Every year Adi Shamir, one of the inventors of the RSA algorithm, brings something new to the table at the annual RSA Conference Cryptographers’ Panel. This year, he gave a shout-out to Ross Anderson, Steven J. Murdoch, Saar Drimer and Mike Bond for their work on breaking chip-and-PIN authentication in credit cards. That team released a paper in early February that explained how to use a man in the middle attack to take down the technology, which is widely used in Europe and Canada as a means of authenticating the card and customer in a transaction.
Credit cards carry an embedded chip and when the card is run through a reader, it asks the customer to enter a PIN. Via a series of digital signatures and cryptography, both ends are authenticated on the card, not on the back end, and the transaction goes through.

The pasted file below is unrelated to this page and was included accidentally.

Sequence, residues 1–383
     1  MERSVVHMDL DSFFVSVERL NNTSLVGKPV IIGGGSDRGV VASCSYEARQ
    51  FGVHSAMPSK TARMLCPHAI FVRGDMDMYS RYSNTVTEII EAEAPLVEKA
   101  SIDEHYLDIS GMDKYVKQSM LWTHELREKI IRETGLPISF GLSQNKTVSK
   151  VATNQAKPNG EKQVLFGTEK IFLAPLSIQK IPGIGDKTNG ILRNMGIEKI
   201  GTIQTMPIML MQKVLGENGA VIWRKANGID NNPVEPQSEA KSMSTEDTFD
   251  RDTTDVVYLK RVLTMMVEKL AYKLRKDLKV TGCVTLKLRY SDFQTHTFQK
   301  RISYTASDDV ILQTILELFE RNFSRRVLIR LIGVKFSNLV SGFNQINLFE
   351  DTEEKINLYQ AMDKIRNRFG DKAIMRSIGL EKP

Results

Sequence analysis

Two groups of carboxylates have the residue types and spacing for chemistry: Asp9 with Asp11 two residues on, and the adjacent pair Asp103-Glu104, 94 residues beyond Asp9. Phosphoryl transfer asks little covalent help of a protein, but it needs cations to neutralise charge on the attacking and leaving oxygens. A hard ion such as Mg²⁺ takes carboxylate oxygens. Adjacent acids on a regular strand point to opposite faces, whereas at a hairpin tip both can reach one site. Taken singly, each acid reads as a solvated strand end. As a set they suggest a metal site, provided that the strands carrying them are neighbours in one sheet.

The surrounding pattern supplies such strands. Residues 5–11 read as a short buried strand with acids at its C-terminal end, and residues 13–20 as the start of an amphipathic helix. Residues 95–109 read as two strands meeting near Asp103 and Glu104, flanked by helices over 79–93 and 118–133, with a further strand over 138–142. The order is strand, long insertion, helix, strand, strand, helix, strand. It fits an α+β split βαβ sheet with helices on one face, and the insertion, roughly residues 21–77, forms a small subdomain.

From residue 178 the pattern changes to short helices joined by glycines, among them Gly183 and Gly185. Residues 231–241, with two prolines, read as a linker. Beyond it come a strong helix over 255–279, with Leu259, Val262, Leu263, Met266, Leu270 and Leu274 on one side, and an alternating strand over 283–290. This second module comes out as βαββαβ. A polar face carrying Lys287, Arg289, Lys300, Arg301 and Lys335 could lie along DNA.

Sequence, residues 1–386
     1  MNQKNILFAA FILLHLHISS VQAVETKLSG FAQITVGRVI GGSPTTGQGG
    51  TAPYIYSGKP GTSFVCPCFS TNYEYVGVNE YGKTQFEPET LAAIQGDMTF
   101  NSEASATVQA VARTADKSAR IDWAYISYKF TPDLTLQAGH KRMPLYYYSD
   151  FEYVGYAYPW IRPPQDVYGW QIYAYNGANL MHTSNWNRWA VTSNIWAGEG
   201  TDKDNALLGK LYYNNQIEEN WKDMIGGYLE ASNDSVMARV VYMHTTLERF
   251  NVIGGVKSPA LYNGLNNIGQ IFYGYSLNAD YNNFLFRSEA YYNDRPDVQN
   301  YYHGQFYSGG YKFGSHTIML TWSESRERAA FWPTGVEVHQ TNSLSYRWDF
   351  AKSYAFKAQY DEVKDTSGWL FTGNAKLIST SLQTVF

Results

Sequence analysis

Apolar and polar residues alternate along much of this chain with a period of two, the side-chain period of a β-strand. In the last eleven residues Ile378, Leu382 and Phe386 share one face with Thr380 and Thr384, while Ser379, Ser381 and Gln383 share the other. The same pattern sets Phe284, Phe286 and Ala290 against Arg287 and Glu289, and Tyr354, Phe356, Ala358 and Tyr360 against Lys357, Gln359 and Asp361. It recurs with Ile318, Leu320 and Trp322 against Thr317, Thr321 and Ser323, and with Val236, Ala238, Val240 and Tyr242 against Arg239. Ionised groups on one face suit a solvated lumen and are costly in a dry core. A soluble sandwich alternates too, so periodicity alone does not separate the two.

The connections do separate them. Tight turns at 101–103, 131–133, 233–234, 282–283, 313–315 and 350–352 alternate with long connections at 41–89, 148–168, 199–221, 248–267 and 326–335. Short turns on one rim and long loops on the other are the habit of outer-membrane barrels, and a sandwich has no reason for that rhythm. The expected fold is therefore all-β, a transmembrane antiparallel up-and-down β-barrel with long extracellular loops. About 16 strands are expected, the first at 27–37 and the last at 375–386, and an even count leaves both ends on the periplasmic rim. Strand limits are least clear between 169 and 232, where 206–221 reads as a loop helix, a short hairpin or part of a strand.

Shamir said Ross et al’s research learned that the cards returned a message with the number 900 verifying that the password was authenticated. “No matter what any other details might be, if it’s happy with the password, it sends back 900,” Shamir said.”All you have to is replace a card with one that will always report 900 no matter what PIN is entered, and you’re done!”
So is chip and PIN apparently